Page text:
Home Office to make failed asylum applicants in Scotland appeal in England from next week

Home Office to make failed asylum applicants in Scotland appeal in England from next week

The UK government is to move ahead with plans to force asylum seekers in Scotland to lodge appeals in England amid legal challenges to the move.

In January the Sunday Herald reported that the Home Office intended to alter the asylum system by forcing anyone who wanted to appeal to stay in the UK to meet with immigration officials in Liverpool.

However, following strong criticism from refugee charities, Scottish ministers and Liverpool City Council, the plans were put on hold.

But it has emerged the Home Office is to go ahead and make the change from March 30 according to a letter leaked to the Sunday Herald.

Despite this, a Glasgow-based solicitor as well as Liverpool City Council are to challenge the decision in the courts.

The new rules apply to asylum seekers whose first applications have been rejected but want to re-submit new support for their case.

This may include proof of persecution on return to their home country.

Documents are submitted by post or at a local immigration centre but under the new system applicants will need to travel to Liverpool.

In addition, those who have had financial support withdrawn and are not permitted to work will not receive expenses for the journey.

Andy Knox, a senior solicitor at Hamilton Burns WS (pictured) said: “This is not a surprising development.

“The Home Office have very wide discretion to control the administrative procedures relating to all aspects of asylum policy.

“Because it is such a huge department of the Home Office, UK Visas & Immigration have offices spread throughout England, in Sheffield, Leeds, Liverpool, Birmingham and their main offices at Lunar House in Croydon.

“As immigration is such a political hot potato, and the UK Border Agency was apparently incapable getting on top of it’s processing backlogs, immigration ministers obsessively tinker with application procedures and move responsibility for various different types of applications from office to office.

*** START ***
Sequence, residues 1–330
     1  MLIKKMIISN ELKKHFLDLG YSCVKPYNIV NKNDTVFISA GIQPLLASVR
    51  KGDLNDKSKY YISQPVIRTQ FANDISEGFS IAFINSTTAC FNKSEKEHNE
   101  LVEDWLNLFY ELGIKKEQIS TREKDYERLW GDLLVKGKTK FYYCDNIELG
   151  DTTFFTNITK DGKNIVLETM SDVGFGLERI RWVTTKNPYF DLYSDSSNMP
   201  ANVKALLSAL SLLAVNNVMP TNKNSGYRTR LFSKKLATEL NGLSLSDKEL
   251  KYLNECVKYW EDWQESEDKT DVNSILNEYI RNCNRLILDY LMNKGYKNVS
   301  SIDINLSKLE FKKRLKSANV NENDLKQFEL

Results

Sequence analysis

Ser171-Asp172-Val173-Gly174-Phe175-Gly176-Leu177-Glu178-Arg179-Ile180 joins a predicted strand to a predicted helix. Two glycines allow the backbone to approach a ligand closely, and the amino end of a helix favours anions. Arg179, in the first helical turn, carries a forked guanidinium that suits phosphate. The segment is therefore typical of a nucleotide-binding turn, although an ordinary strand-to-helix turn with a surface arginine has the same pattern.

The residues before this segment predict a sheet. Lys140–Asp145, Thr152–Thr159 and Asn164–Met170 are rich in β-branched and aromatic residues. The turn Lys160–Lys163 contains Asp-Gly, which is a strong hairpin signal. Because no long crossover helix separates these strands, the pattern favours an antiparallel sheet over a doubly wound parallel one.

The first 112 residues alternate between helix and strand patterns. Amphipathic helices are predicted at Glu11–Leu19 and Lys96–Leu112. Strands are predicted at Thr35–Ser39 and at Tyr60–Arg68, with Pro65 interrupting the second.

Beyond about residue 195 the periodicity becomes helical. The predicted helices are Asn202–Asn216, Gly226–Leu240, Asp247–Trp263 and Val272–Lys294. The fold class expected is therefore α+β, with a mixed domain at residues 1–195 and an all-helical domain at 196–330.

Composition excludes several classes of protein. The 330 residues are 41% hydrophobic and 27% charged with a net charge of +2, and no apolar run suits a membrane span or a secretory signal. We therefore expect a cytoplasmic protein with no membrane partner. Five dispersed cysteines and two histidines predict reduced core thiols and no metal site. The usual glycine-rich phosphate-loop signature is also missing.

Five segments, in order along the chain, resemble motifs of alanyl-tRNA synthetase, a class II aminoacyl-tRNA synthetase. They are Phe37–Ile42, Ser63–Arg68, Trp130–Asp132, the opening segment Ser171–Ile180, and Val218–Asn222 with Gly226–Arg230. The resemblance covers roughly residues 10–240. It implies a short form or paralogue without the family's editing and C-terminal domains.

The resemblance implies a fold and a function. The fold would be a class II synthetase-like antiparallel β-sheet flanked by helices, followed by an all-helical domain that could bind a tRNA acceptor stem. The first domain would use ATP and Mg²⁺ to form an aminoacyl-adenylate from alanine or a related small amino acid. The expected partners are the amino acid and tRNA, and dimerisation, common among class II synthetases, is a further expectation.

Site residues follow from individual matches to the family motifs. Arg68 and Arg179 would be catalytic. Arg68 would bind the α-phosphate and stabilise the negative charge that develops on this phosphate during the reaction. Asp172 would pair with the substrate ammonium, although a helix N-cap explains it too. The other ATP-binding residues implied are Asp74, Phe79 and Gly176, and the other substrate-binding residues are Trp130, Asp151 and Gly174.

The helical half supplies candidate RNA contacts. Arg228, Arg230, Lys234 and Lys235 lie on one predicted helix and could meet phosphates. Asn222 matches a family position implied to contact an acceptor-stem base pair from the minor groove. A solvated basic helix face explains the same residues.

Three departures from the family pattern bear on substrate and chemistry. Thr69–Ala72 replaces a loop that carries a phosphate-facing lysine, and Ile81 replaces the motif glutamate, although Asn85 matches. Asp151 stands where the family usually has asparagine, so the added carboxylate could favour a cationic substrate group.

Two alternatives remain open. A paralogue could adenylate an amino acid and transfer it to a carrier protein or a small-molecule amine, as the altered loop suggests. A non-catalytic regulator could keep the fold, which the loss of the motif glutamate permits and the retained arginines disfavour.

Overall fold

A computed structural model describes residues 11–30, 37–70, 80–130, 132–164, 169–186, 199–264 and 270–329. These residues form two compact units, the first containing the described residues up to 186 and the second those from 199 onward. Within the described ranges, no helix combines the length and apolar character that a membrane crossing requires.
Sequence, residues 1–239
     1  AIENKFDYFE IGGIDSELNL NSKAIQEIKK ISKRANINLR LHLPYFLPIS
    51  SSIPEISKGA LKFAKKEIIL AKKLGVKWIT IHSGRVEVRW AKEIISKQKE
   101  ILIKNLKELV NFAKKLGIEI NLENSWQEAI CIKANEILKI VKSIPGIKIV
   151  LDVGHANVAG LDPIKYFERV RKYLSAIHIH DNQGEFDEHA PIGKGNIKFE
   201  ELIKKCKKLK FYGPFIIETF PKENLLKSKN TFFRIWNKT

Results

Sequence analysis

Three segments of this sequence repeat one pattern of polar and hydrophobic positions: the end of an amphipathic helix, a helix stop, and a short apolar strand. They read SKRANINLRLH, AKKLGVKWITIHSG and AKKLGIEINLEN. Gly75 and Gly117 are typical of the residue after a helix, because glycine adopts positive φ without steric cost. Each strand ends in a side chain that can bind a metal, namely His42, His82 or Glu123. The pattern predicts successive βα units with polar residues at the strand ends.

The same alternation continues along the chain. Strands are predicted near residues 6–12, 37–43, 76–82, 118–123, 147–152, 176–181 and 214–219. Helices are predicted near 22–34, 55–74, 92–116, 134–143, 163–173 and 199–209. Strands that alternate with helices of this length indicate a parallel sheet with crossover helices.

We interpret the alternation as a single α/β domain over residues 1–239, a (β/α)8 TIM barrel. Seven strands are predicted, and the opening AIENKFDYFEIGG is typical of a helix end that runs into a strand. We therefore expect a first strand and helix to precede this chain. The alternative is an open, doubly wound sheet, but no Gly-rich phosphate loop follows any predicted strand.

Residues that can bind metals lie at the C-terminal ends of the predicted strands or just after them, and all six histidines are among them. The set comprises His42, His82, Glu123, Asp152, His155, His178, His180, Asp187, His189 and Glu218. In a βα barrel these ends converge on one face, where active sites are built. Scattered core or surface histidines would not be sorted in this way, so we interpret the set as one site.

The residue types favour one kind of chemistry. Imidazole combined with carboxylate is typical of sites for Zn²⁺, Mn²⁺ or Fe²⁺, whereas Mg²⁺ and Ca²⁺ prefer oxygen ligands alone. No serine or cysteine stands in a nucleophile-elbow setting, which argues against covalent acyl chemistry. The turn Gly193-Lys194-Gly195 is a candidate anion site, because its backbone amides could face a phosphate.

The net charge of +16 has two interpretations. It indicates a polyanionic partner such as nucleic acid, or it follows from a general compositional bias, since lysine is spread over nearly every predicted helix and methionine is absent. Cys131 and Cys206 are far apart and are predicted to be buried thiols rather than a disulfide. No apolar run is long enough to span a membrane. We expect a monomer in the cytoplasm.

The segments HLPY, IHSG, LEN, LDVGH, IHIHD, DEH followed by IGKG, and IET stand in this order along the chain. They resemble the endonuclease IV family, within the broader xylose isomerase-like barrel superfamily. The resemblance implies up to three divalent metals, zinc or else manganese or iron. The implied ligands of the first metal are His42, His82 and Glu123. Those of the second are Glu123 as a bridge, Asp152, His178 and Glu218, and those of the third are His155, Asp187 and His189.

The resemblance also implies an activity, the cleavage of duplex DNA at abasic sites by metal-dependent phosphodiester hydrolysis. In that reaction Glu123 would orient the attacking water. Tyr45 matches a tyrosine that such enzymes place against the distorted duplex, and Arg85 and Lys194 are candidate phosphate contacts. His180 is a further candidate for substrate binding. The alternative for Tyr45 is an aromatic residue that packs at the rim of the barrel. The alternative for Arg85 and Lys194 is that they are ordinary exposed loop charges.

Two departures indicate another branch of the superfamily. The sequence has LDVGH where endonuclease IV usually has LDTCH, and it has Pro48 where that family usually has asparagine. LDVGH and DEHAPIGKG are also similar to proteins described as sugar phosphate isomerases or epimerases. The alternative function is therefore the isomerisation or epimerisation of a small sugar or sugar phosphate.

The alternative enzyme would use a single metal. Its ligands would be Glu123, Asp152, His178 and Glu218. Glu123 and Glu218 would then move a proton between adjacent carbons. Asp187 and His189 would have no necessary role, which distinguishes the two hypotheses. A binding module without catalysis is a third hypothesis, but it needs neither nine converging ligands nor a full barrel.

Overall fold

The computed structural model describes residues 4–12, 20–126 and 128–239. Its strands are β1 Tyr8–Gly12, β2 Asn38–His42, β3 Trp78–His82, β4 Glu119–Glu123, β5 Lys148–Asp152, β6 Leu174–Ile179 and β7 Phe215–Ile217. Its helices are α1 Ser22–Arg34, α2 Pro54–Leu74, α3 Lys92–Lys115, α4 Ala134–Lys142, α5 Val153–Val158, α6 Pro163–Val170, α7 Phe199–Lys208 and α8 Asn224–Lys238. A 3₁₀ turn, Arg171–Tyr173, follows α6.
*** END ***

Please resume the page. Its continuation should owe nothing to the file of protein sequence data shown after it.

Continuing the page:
“Previously, fresh claims for asylum made under paragraph 353 of the Immigration Rules could be handed into the nearest UKVI office, or be sent to regional offices by post.

“Migrants who have previously made unsuccessful claims for asylum will, by definition, likely be destitute.

“Travelling to Liverpool to submit a fresh claim in person may be very difficult.

“If the secretary of state is not willing to provide direct funding to meet the cost of applicant’s travel to Liverpool, then she arguably has a duty to make funding available to third party agencies such as the Scottish Refugee Council or Migrant Help.

“If applicant’s cannot easily access funding to travel to Liverpool, then any decision to refusal to accept an application submitted elsewhere, will most likely be amenable to challenge on a variety of public law grounds by way of judicial review.

“As a signatory to the Refugee Convention, the secretary of state cannot place unduly onerous practical or financial barriers to individuals seeking international protection under the Convention.”

Fraser Latta, a Glasgow-based immigration lawyer, is challenging the policy.

He said: “It is disappointing that the Home Office have proceeded with this policy, which significantly impacts upon some of the most vulnerable people within our society. It remains our position that the proposed change is potentially unlawful.”

A Home Office spokesman said: “These changes will apply only to failed asylum seekers whose claims have already been refused.

“They will significantly speed up decision-making, enabling us to grant protection more quickly to those who need it.”

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